Posted By: Annette Lucas (email)
Date: 7/15/2021 at 11:10:35
SOURCE: Biographical History and Portrait Gallery of Scott County, Iowa. American Biographical Publishing Company, H. C. Cooper, Jr., & Co. Proprietors. 1895
ISRAEL HALL, a native of Halifax, Windham County, Vermont, was born on the eleventh of September, 1813. His father was a native of Connecticut, where his grandfather and great- grandfather also resided . His parents owned a small farm and were in very moderate circumstances ; they had a family of four sons and three daughters, whose opportunities for gaining an education were very meager. Israel received about five months' schooling during the year in early life and assisted his father the remainder of his time.
When he was eleven years old his mother died, making the maintenance of the family doubly hard for the father, who afterward married again.
He remained on the farm until 1830, and at that time was apprenticed to learn the carpenter's trade at Guilford, Vermont. His employer, however, soon afterward failed, and young Hall went next to work for a Mr. Gregory, a fine mechanic, with whom he remained one year. He continued at his trade with different builders until 1835, when he engaged in business for himself, and continued with good success until 1837. During the financial revulsion that swept over the country in that year his business was greatly interrupted and he lost most of his previous earnings.
Mr. Hall had long had a desire to remove to the West. Even while a boy at school, in studying the geography of our country, he had thought that somewhere near the junction of the Missouri and Mississippi rivers would some day in the near future be the center of commerce, industry and population, and resolved that he would be one of the early settlers of that region.
In 1837 he was married to Miss Rachel Brown, then living in Brattleboro, Vermont. She was a native of Baltimore, Maryland, but her parents dying when she was quite young her home had been with friends in Vermont. Mr. Hall's responsibilities having now become greatly augmented, and his means of gaining a livelihood having been greatly reduced by the continued hard times resulting from the panic of 1837, he decided that he would realize his long-cherished hope and become one of the pioneers of that country of which he had dreamed in his youth. Accordingly in 1839 he started with his family, but finding that fever and ague were very prevalent in that region which he had previously selected he went northward, and on the thirtieth day of April of that year reached Davenport.
There were then a few scattered houses and not many residents in the place, and one can hardly realize the progress that has been working while it has developed into one of the foremost cities of the State, with its thirty thousand or more inhabitants. Soon after his arrival Mr. Hall found employment with Mr. Asa Green, well known among the " old settlers ” of Davenport. Subsequently he located his home and place of business on the ground still owned by him on Brady Street, between Third and Fourth Streets.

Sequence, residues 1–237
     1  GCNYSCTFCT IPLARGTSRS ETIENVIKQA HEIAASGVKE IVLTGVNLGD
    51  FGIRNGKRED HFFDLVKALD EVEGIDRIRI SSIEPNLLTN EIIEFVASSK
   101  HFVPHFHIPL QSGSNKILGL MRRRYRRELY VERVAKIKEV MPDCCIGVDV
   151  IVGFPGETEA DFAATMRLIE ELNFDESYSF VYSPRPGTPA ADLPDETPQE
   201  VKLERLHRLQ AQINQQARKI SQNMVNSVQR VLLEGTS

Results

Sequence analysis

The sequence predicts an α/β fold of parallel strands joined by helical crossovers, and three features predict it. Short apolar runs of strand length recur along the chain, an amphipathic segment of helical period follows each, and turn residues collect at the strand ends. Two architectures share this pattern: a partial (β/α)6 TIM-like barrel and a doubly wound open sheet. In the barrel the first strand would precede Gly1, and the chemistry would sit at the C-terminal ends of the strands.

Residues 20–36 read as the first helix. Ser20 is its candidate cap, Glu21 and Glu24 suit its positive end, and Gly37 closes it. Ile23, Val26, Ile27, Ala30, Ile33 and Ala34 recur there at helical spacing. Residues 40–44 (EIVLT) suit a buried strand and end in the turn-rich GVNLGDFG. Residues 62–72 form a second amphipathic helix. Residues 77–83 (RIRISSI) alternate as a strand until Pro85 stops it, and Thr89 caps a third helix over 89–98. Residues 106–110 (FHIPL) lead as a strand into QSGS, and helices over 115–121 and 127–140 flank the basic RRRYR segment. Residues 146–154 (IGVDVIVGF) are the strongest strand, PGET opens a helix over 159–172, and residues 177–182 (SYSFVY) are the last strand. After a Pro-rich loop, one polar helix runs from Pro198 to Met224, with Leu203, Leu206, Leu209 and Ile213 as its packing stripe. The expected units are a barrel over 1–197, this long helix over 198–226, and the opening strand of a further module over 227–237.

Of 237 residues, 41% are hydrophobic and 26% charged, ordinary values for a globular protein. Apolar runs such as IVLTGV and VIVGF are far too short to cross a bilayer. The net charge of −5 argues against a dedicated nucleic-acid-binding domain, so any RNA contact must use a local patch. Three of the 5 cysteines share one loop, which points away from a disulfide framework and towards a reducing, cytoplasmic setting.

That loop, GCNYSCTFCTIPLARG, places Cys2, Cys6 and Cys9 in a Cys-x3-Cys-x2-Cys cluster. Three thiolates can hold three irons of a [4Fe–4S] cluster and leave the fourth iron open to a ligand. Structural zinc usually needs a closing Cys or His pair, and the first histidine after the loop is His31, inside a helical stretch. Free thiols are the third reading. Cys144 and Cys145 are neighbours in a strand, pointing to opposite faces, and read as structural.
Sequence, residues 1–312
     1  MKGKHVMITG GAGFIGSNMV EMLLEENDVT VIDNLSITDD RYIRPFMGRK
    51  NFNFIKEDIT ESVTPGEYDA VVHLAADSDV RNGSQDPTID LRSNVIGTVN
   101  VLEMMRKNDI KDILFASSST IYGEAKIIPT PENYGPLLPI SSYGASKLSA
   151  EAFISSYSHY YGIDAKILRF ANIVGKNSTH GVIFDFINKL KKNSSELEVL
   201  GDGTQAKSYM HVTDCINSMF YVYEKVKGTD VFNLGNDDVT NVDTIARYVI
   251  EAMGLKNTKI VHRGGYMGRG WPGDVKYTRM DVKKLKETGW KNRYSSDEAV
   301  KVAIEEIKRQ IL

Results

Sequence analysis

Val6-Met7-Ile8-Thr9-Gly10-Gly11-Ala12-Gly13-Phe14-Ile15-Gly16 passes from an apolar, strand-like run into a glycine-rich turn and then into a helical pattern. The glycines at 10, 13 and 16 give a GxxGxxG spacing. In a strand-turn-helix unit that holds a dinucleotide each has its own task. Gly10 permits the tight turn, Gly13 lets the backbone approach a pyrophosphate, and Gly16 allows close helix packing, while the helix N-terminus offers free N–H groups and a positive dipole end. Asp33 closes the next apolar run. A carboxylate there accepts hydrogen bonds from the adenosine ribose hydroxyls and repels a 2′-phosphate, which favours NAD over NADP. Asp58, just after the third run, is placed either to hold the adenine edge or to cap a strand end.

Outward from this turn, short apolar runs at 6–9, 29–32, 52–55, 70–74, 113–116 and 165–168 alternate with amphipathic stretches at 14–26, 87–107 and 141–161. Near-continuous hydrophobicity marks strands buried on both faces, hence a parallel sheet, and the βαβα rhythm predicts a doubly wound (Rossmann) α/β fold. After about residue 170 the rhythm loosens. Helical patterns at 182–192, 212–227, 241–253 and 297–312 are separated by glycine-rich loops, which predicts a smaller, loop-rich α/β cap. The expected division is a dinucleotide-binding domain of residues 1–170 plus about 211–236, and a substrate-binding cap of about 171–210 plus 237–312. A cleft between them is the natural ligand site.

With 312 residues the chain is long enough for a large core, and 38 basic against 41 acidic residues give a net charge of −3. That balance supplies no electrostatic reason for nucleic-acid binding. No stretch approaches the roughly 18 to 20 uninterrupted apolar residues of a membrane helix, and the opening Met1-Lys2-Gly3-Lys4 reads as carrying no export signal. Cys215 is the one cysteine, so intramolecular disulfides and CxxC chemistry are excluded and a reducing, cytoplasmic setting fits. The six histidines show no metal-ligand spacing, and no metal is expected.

Here he steadily pursued his vocation, helping by every means in his power to build up and advance the interests of his adopted home. The trials and anxieties and privations of those days were many and grievous. These we need not enumerate, as they can be fully appreciated only by those who have experienced the hardships of pioneer life. Suffice it to say that sorest among these trials was the laying away in the grave of four loved ones. Three daughters sickened and died and a son who fought bravely in defense of his country - Lieutenant George F. Hall — died from causes growing out of that bloody strife.
Notwithstanding all his discouragements Mr. Hall advanced with the development of the city, and at the earnest solicitation of friends and citizens generally he began the business of undertaking, keeping up with the demands of the times, so that Davenport in this line was not at all behind her sister cities of the East.
In 1866, having secured a competency, he discontinued his business and retired to private life, content to give room for others and to live in the enjoyment of what he had accumulated. He owns a fine block on Brady Street besides farms and other lands in the West, to which he has devoted his attention for a great many years.
From its organization Mr. Hall has been a leading member of the Scott County Pioneer Settlers' Association. He was its president in 1867, and from 1869 to 1894 he has been its treasurer. He has also been connected with the Oakdale Cemetery Company since its organization and is now secretary of it .
He has always been an outspoken friend of temperance, and has heartily encouraged every movement tending to lead men into ways of sobriety.
In religious belief he is a Methodist and united with that church in 1852. He has been an active worker in the Sunday school, and in times of need has given generously of his time and means to the support of this cause, which, under the blessing of God, has resulted in great good .
He has never sought, nor has he ever desired, political honors, preferring the quiet and peace of his legitimate business to the turmoil and excitement of political strife ; and having found in that the opportunities for the employment of his best powers, he has always deemed it the highest honor to be recognized as an honest American citizen.
Mr. Hall's personal and social qualities are of the highest type. Cordial, sympathetic and generous in his nature, he has won a place in the hearts of all who know him, gaining their lasting confidence and high esteem .
Scott Biographies maintained by Lynn McCleary.
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